My children went back to school today after a long summer break, which has been filled with holidays, swimming, books, a bit of writing, and lots of inspiration in small and big ways. We’ve had happiness this holiday – the kids have discovered the sea for the first time; I wrote the last word of my third novel while sitting on a promontory; we’ve drank lots of wine and laughed in equal measures. But we’ve also had sadness. A friend died last week, suddenly, after a year-long fight with cancer. We camped with him, his partner and three children only weeks ago, and last week we had to talk to our children for the first time about death. My daughter was shocked, but soon forgot about it, while my son, who is more melancholic, had lots of questions. He was content with his conclusion – that our friend’s boys would be all right as they would keep their dad alive in their memory.
Coincidentally, I began reading a book last week, ‘H is for Hawk’, which is about falconry, but also about grief, and found myself crying on the beach. Helen Macdonald writes with such truth and energy that I fell in love with her story and her words almost immediately. Since childhood she’d wanted to be a falconer, but swore never to take on a hawk, until after the death of her father when she starts dreaming of these rapturous birds. The experience of training her hawk transforms her, and through Helen’s stunning prose, we get to know and love her as a character as well as Mabel, her bird. But it’s her descriptions of grief that really got to me. She talks of a kind of madness. Not a psychosis, but ‘more mad north-northwest… A madness designed to keep me sane.’ She talks of her mind struggling to make a new world for itself, a kind of magical world filled with déjà vu experiences and coincidences, ‘Memories of things that hadn’t happened yet.’ She imagines her father with her, beside her, and its comforting. Reading her, reminded me of my own loss of my father.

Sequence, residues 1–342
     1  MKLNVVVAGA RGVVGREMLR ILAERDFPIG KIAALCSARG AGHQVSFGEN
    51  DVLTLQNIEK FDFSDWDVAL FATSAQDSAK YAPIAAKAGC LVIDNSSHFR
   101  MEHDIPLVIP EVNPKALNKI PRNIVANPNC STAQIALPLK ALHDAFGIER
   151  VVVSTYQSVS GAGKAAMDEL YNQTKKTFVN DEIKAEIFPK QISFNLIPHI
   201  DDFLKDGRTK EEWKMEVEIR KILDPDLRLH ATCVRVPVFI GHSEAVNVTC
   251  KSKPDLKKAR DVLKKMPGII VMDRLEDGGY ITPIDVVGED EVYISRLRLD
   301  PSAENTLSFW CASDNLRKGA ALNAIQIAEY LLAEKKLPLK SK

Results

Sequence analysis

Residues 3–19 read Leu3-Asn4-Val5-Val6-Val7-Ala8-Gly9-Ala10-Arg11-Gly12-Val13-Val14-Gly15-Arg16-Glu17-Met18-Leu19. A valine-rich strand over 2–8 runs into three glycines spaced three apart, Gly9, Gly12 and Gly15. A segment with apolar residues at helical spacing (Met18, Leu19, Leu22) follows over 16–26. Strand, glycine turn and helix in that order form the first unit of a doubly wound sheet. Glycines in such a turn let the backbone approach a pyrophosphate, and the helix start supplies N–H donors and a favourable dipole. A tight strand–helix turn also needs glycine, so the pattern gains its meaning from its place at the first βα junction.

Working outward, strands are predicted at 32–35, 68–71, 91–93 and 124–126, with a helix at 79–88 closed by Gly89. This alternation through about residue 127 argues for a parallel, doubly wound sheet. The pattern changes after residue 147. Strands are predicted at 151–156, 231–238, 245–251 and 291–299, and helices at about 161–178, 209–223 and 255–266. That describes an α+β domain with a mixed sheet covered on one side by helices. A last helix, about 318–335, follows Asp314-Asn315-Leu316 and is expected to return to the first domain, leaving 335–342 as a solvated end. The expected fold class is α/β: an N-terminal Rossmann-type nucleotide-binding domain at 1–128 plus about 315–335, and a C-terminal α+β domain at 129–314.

Helen buys her hawk from a breeder on a quayside in Scotland who has raised the bird himself from her first tender moments hatched in an incubator, feeding her scraps of meat with tweezers. ‘All at once I loved this man, and fiercely,’ she writes. She later reflects on this passionate rush of feeling for a stranger and knows that the love is not about him, but her and her father. Grief is such a strange thing. My father comes to me in the form of men I see out on the street. A man I watched on a Greek beach, large and brown with long white hair and a beard, sitting with his daughter and his grandchild. He is the father I might have had who didn’t drink and who found contentment in simpler things. Or the owner of the taverna where we dined most nights, whose eyes were warm and sad and who I might have hugged close when we said our goodbyes because I knew from the colour of his skin and the way he held his chest that he didn’t have long to live.